In 1982, on a whim, I decided we should make our own Christmas cards, rather than using store-bought ones. I drew up an all-occasion card, took it to a local printer and had 100 copies made (I think it was a hundred), and we used those for our holiday mailings.

That was well received, so in 1983 we did a card meant to look like an official notice that the recipient was required to have a happy holiday.

Pretty sure we skipped 1984. In 1985 we hired an artist for the first time and had William Levy draw us an elf with a raygun. (At the time I was writing a column called “Rayguns, Elves, and Skin-Tight Suits” for the Comics Buyer’s Guide.) In 1986 we had just moved, so we had note-cards made up with a picture of our new house, and as our Christmas card that year we hand-drew wreaths on the front door on some of the note-cards and used those.

1985Don’t know what we did in ’87 and ’88, but in ’89 we figured that as a writer I should write us a card, and we did the Dreaded Pun Card, and ever since then custom-made cards have been a regular part of our holiday rituals. Sometimes we hired real artists, sometimes we cobbled together something ourselves, and many years, once she was old enough, Kyrith provided the art. We did skip a few years. In 1994 we started doing family newsletters, as well. And three times we sent out chapbooks, rather than cards, with short stories I had written for the occasion.

And somewhere in there, Julie decided we should keep a complete collection of all this stuff. We hadn’t kept them in any sort of order, so it took awhile to compile an album, and it wasn’t necessarily complete, but we tried.

2000And then, when we moved in 2009, the movers “lost” one box of stuff — “lost” in quotes because we were pretty sure it was somewhere in the house, but we couldn’t find it. Most of it wasn’t anything to be concerned about — school supplies and the like — but the holiday card album was in there.

So we’ve been looking for the album ever since, and trying to keep copies of the cards and newsletters for when it turned up (or we made a replacement), but not being very organized about it.

And a couple of weeks ago Julian was visiting, and cleaned out his closet, and there was the lost box, including the album.

So now that we had it back, we set about completing it, bringing it up to date with everything from 2009 on and filling in any gaps from further back. In some cases we couldn’t find the physical cards or newsletters, but I still had the computer files and card stock, so I printed new ones for the collection. But we couldn’t find the 2010 newsletter anywhere, and there were some other problems and omissions.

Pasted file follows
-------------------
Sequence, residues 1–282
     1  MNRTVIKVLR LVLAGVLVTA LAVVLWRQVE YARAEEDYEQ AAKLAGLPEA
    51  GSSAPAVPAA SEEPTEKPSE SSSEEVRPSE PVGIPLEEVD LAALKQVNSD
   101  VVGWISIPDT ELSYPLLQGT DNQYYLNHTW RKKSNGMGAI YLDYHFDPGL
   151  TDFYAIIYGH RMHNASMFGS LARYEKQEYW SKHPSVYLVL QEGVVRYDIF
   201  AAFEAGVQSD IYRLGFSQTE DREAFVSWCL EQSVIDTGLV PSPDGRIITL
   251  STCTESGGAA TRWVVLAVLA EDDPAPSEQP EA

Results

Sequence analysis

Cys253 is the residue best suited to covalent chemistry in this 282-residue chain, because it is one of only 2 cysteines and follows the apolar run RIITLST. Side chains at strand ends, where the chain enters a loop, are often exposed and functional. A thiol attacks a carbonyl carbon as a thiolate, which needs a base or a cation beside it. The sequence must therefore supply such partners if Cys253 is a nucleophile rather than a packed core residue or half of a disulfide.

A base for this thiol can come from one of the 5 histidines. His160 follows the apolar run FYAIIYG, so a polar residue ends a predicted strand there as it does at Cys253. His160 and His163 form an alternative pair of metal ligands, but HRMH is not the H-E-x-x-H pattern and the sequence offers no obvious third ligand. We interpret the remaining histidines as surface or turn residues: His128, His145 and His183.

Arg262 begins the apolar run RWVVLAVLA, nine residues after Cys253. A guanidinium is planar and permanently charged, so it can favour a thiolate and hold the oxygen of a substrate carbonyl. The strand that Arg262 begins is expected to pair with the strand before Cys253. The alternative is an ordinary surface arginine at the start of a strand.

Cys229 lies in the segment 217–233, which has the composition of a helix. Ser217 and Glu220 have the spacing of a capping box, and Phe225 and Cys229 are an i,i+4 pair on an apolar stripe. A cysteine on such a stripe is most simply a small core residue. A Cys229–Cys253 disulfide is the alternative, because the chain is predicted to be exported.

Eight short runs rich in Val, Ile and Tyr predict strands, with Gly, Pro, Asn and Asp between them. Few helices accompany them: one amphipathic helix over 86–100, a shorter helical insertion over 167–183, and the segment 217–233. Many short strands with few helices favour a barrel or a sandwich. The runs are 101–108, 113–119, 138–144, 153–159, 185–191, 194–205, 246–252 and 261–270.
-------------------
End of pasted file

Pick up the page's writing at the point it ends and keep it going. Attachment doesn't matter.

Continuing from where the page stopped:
2013I still had the hard drive from Chloe IIIB, my primary desktop computer from 2003 to 2011, remounted as an external hard drive, and I thought maybe the 2010 newsletter would be on there somewhere (though in theory everything had been copied off it already), so I tried to boot it up and found it was completely dead. Sigh. (Elsewhere I referred to that machine as Chloe 3.5.2; that was my memory playing tricks on me. Chloe IIIB replaced Chloe III, which replaced Chloe 2.6.2, and I’d forgotten the sequence. Long story; short version, Chloe III was defective and CompUSA replaced it six days after we bought it with Chloe IIIB. Chloe II had been custom-built and went through a lot of upgrades during the period I owned her — roughly 1994 to 2003 — and was Chloe II Version 6.2 by the time I replaced her, Chloe 2.6.2 for short.)

I found some of the old files we needed were in formats that can’t be accessed by any modern software. Fortunately, I still have Iris, a laptop running Windows Vista, which can run old versions of Microsoft Publisher and buttonFile and the like. So I booted up Iris for the first time in months and she went nuts trying to update her version of Windows, which is how I found out Vista is no longer supported. It took several tries to calm Iris down enough to run Microsoft Publisher and access our 2001 card.

But we eventually did track down pretty much everything except the newsletter file for 2010, and the album is now complete and up to date, unless there are cards from 1987 and ’88 that I’ve forgotten.

(And by the way, that 2013 card? I set up a real Kickstarter account and campaign to get that screenshot. Never took it live, of course.)